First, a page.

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Organized Sports for Preschoolers

Determining If Your Preschooler Is Ready For Organized Sports

If your preschooler isn't already involved in a sport, chances are you're considering it. These days, organized sports for 3- to 5-year-olds are "more the norm than the exception," says Dr. Eric Small, a pediatric/adolescent sports medicine specialist and author of Kids & Sports (Newmarket Press, 2002).

However, not everyone is enthusiastic about this trend. In a 2001 policy statement, the American Academy of Pediatrics noted that although organized sports offer "physical and social benefits" for children, "the younger the participant, the greater the concern about safety and benefits."

But most families find organized sports hard to resist. After all, they can be a lot of fun. Playing sports also provides preschoolers with regular physical activity, something many kids don't get enough of. And an organized sport can give children a safe, structured environment in which to begin learning about teamwork and fair play.

Make Friends, Build Fitness

One reason for the increasing popularity of youth sports is the breakdown of the geographic neighborhood, says Barbara Stahl, author of Parenting, SportsMom Style: Real-Life Solutions for Surviving the Youth Sports Scene (307 Books, 2000). "Parents and children are looking at sports as a way to connect with others," she says. Communities have become less connected, and organized sports are filling the gap.

Sports also can help young children learn social skills and motor skills. "A lot of kids that age don't do daycare or they're not in preschool yet, so this is their first interaction with somebody other than a family member," says Ashley Chamberlain, a former optional level gymnast who has been coaching gymnastics since 1991 and teaches preschool gymnastics for Creek Flipsters in Beavercreek, Ohio.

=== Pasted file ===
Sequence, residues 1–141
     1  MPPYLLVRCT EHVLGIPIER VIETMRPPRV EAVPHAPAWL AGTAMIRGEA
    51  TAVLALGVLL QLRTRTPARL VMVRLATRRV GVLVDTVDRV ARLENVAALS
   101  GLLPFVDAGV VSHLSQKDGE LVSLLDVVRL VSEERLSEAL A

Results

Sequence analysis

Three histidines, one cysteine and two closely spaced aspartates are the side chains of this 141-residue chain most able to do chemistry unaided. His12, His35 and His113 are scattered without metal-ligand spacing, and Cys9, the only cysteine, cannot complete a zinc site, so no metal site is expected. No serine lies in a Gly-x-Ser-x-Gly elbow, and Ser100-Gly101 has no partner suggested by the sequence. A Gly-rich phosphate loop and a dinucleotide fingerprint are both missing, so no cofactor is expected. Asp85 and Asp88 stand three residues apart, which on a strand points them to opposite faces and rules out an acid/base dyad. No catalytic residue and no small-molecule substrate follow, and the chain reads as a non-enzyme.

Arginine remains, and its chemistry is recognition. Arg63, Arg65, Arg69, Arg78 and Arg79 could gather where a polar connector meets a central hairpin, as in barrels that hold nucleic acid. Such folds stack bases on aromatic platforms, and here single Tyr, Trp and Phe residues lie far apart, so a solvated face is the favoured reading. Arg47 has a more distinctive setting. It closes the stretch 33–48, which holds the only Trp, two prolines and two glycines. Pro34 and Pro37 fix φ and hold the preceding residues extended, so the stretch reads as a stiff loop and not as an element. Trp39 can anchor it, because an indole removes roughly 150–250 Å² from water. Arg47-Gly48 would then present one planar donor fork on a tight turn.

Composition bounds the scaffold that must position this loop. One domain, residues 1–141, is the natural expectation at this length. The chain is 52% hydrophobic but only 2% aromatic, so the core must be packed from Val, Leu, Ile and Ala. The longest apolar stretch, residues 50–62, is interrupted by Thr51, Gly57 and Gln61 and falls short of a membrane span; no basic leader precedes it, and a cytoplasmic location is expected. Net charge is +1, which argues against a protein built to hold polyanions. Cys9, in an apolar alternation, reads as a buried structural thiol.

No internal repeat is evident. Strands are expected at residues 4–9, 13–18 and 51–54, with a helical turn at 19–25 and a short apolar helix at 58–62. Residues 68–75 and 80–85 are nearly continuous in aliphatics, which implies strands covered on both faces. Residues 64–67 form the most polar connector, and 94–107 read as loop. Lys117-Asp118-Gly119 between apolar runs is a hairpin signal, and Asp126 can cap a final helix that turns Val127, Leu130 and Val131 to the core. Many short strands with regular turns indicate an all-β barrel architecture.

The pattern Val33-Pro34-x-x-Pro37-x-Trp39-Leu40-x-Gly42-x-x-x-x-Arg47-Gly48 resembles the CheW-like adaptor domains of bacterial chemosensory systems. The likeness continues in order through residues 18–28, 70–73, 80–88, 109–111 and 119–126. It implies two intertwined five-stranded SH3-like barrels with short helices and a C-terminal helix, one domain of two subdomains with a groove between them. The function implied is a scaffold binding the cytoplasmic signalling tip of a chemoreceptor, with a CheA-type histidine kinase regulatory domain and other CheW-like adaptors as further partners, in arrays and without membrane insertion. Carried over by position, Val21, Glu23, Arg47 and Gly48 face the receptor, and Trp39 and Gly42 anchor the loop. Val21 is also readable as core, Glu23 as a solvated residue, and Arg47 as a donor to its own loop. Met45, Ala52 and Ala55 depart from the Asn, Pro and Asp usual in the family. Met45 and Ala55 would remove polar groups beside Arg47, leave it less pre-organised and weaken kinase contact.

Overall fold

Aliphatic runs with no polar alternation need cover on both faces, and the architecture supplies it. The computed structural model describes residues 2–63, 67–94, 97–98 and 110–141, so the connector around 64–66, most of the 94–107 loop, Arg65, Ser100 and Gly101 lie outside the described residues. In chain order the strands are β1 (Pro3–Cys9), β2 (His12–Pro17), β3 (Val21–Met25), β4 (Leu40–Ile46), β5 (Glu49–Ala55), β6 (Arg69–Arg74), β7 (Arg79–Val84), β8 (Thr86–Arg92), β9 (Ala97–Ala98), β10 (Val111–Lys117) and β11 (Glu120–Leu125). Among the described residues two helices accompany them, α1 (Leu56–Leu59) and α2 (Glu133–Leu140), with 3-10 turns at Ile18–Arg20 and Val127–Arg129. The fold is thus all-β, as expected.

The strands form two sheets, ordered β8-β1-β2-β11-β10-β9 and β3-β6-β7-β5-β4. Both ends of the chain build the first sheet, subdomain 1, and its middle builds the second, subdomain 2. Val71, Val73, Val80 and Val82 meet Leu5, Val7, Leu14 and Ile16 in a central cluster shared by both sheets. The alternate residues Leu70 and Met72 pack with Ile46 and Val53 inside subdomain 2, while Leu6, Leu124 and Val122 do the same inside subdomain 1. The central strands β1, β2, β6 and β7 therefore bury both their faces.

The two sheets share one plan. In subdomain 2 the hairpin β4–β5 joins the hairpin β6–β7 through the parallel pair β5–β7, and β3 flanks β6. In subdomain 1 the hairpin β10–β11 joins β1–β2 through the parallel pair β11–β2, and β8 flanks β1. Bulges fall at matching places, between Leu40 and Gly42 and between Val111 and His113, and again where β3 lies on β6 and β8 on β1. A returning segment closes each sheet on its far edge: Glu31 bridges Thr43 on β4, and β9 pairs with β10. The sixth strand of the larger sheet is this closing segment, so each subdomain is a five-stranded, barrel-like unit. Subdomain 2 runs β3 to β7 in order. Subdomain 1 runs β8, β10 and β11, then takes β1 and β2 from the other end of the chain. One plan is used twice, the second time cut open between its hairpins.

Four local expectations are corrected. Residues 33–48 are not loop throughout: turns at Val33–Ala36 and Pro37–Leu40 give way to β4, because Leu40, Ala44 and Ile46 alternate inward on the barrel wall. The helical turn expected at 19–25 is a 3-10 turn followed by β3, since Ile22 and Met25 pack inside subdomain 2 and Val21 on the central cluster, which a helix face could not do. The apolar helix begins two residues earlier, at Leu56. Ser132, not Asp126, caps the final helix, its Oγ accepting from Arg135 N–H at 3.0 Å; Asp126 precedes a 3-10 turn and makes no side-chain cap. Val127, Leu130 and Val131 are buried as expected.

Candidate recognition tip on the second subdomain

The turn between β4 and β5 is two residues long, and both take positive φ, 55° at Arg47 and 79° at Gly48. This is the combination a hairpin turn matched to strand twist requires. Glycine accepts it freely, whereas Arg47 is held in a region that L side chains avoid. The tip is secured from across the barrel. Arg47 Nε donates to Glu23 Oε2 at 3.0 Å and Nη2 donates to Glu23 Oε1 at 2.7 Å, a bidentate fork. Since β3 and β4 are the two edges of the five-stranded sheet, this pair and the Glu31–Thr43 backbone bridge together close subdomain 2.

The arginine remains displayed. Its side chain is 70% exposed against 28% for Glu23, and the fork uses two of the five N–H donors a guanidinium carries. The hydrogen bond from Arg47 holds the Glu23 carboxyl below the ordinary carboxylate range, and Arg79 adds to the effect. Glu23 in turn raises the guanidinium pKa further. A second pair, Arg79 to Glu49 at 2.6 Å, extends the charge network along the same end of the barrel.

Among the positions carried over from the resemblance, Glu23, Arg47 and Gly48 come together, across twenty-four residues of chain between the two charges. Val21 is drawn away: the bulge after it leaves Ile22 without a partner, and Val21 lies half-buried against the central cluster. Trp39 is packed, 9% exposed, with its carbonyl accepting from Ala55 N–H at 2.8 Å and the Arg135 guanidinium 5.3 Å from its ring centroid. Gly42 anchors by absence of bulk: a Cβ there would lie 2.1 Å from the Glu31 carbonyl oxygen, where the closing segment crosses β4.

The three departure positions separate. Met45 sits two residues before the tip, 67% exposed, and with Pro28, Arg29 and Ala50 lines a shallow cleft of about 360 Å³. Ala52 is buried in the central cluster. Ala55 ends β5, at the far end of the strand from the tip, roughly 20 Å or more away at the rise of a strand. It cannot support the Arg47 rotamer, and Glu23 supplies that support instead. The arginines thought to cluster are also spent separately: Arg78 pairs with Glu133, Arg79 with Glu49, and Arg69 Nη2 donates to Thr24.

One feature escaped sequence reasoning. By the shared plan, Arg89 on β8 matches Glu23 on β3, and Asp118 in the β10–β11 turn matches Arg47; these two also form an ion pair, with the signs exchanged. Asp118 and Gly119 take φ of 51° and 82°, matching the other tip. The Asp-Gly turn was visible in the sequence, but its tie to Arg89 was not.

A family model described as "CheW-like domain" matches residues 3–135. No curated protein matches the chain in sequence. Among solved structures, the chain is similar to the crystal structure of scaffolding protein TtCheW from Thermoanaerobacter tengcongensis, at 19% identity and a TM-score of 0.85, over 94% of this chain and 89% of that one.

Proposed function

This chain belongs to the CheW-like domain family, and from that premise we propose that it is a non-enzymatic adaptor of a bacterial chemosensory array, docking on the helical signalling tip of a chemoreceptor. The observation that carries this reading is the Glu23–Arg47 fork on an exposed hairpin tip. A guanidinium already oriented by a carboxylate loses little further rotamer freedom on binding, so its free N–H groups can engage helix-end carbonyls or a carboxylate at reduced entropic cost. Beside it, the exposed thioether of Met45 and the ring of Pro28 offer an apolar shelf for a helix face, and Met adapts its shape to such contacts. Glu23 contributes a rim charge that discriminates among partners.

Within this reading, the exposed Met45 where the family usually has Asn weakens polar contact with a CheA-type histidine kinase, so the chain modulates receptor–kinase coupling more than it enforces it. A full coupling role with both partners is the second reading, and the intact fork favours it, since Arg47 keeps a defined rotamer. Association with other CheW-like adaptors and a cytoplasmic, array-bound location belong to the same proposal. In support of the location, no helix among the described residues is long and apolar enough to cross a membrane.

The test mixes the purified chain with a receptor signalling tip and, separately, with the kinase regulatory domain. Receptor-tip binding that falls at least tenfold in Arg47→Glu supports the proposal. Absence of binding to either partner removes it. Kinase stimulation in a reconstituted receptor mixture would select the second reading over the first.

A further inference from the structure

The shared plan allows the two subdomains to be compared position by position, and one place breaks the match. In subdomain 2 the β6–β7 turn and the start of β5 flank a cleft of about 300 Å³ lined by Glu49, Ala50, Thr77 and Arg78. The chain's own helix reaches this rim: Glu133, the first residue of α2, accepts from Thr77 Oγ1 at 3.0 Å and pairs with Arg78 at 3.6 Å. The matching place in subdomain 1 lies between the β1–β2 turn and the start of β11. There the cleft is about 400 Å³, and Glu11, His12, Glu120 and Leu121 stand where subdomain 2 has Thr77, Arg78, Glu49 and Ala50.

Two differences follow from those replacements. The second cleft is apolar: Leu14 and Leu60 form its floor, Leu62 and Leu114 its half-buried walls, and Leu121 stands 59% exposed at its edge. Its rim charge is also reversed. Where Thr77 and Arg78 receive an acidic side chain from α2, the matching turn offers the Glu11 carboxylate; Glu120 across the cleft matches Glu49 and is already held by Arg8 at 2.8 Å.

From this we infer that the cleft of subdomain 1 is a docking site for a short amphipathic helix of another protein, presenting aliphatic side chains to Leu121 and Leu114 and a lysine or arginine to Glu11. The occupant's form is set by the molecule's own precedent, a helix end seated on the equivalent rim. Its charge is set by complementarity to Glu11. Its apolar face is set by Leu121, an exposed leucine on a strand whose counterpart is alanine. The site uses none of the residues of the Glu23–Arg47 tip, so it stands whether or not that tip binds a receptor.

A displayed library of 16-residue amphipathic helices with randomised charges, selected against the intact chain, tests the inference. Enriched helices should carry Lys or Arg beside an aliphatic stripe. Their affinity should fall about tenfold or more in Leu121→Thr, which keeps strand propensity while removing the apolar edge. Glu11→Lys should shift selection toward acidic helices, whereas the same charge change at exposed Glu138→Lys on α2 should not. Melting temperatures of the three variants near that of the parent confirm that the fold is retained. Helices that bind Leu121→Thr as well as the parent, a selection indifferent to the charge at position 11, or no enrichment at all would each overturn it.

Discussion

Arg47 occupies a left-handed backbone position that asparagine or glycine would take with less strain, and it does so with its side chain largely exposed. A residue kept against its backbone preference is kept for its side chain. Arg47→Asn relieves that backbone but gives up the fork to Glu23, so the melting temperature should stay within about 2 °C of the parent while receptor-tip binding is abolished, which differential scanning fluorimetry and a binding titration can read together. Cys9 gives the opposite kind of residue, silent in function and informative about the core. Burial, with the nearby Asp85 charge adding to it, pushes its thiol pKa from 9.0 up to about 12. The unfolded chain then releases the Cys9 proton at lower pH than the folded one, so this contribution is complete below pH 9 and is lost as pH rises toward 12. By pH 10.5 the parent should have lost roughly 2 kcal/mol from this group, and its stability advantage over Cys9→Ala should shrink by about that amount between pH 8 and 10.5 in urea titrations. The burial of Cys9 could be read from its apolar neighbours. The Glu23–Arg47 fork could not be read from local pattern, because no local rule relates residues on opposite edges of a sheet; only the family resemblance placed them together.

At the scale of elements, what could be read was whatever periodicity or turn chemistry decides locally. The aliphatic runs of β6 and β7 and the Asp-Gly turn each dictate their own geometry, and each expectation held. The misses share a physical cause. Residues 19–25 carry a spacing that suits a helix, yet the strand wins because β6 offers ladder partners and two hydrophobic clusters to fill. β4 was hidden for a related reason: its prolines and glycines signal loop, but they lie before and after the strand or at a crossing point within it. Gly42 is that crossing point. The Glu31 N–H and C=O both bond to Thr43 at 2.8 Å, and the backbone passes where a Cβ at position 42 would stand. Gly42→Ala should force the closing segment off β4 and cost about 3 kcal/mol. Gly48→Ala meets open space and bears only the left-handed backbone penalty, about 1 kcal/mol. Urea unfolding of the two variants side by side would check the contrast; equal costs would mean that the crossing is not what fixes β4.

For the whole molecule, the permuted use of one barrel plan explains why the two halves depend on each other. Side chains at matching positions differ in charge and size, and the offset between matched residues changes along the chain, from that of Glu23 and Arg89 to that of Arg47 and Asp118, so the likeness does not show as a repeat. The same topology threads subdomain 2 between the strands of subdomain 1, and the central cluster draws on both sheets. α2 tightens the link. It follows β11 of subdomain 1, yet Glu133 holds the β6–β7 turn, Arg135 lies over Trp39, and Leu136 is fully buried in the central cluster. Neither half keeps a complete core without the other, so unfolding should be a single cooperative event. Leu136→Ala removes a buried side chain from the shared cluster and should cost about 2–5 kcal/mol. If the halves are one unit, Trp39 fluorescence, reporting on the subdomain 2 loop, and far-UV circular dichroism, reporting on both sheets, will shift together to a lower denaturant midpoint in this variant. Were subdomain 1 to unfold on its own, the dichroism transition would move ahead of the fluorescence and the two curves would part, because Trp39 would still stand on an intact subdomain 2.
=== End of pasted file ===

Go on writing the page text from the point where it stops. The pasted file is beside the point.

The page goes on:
Chamberlain's students learn about being around other children, taking turns, standing in line and safety. "The big thing is getting them used to interacting with somebody other than Mom and Dad," says Chamberlain.

J.P. Christiansen has been coaching soccer for five years and currently coaches a girl's team for the Northeast Louisiana Soccer Association. Christiansen says that playing sports is a great way for kids to make friends and get exercise. It also offers preschoolers the chance to learn about persistence. "If you want to score a goal, you have to run and hustle and kick the ball in order to do it," he says. "You can't just stand around and expect things to come to you."

Finally, obesity and other health problems related to inactivity are on the rise. Sports can foster a love for being active if you make sure your child's first experiences are positive ones, says Stahl. "Shift away from competition," she says. "Make sure it's fun."

It's All About Fun